Darren Waterston, “Inside”

I almost missed the new modern and contemporary art wing and I am so glad that I thought to ask on my way out. Modern art is definitely more my taste. One of my favorite works was by Darren Waterston called In-Between which I also can’t find an image of online. At the time, I had the whole floor to myself so I probably could have gotten away with a discreet photo, but oh well. Posted above is another work of his that I really like from his website called Inside (2004, oil on wood, 36″ x 36″). After a little more research I found that the artist has an upcoming exhibition at the Ronna and Eric Hoffman Gallery of Contemporary Art at Lewis & Clark College, beginning September 6, which I hope to attend.

A decent interview with Damien Hirst can be found here at artinfo.com.

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Basic Beeswax Collage

beeswax collage

Last night I took a 3-hour class called Basic Beeswax Collage with Portland artist Linda Womack. It was held at Collage on NE Alberta, where I had previously taken an encaustic painting workshop.

This was a fun class, and Linda was great at explaining and demonstrating each technique step-by-step. Basically, instead of using glue, we used melted beeswax to embed layers of paper and other matter like feathers, dried organic material and fabrics. We also used mediums like crayons, oil pastels and encaustic paints to add color and tools like screens and stencils for texture. All the materials were provided, but several students brought their own.

The most important step when using wax is to be sure that each layer or added element becomes “fused” with the layer below. This means either melting the paper into the wax with a quilting or tacking iron, or heating the wax with a heat gun.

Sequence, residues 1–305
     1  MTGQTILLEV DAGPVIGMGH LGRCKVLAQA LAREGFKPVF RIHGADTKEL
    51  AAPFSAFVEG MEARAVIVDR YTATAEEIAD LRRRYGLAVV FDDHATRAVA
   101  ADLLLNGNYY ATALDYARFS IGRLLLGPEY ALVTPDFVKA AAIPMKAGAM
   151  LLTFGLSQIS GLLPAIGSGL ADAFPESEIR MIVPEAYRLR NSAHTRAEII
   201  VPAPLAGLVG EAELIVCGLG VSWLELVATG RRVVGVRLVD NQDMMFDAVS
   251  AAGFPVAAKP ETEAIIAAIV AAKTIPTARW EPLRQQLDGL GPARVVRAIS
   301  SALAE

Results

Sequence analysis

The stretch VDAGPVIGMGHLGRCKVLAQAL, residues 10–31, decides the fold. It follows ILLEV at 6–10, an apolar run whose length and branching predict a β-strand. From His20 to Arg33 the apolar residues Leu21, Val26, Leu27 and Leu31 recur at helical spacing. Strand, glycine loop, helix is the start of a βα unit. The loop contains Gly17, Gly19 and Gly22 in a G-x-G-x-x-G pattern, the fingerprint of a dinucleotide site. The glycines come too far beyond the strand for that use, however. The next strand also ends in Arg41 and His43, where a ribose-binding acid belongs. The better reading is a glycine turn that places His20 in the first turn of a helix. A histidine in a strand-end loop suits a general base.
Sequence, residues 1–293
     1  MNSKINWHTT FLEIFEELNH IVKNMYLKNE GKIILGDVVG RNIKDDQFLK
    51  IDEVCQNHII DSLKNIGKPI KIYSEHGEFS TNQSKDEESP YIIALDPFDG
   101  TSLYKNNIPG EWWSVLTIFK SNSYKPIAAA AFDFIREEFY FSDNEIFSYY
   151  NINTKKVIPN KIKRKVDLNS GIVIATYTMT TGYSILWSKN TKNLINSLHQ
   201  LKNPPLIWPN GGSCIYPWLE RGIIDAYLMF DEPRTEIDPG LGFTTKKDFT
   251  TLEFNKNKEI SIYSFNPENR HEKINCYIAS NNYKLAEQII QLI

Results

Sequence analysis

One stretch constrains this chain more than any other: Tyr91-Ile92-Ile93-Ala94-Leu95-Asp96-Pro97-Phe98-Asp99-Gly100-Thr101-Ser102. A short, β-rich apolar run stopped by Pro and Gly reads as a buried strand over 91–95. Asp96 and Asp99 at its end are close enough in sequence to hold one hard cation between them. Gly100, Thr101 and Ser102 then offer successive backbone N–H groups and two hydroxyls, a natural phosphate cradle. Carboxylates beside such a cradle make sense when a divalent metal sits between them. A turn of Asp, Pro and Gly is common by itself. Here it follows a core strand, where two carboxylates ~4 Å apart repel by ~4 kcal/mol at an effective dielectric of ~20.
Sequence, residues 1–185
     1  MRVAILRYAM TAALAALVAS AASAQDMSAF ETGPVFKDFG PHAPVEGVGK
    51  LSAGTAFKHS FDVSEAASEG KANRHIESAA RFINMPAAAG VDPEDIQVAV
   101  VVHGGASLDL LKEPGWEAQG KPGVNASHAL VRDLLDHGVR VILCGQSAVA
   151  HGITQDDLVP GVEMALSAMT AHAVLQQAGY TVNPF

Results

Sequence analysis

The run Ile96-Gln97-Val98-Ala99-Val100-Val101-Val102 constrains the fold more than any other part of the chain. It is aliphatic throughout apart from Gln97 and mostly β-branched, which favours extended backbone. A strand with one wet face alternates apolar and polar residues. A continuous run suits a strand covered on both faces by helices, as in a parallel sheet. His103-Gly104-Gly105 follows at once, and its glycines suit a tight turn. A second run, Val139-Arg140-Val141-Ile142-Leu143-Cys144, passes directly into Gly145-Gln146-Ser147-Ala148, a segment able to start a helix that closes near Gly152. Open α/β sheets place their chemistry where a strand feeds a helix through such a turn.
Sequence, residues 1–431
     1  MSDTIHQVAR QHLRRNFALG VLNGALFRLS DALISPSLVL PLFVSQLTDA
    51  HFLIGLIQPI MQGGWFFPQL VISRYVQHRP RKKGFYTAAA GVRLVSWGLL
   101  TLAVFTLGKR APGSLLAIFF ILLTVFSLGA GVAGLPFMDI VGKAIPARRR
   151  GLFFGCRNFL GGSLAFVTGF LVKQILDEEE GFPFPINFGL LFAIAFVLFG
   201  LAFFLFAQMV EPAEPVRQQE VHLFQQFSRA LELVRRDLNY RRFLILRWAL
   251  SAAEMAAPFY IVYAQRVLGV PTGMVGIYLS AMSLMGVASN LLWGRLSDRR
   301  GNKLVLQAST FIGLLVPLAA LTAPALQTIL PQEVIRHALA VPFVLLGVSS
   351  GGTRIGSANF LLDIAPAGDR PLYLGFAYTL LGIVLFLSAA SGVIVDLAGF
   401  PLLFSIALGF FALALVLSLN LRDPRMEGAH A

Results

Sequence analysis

Working with tangible materials was a treat for me, very different from designing on a computer. The melted beeswax emits a warm, sweet smell and it is much harder to control. Despite my best efforts, the wax often seemed to have a mind of its own, but it some ways it’s fairly forgiving. Because of the built up layers, you can often scrape away mistakes. Even better is to just go with the flow – literally. For my piece, I cut out one colored butterfly and several black-&-white photocopied butterflies, two sheets of thin material for the background and drew the flowers with oil pastels. Not too bad for my first collage, but I’m already looking forward to my next opportunity.

This and other classes at Collage can be found at DIYlounge.com.

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Such Good Times

Dear Alan & Sandy,

It was so great having you here for the past few days. I’m glad that we could share with you a little part of our lives here in Portland – from berry picking, to Mt. St. Helen’s, to exploring the markets, to dinner and games with friends – all such good times.

You both are truly an inspiration to us. We are so grateful for your unfailing support and generosity,  your insightful wisdom and your unconditional love. And thank you so much for being the best in-laws anyone could ever ask for.

With all my heart,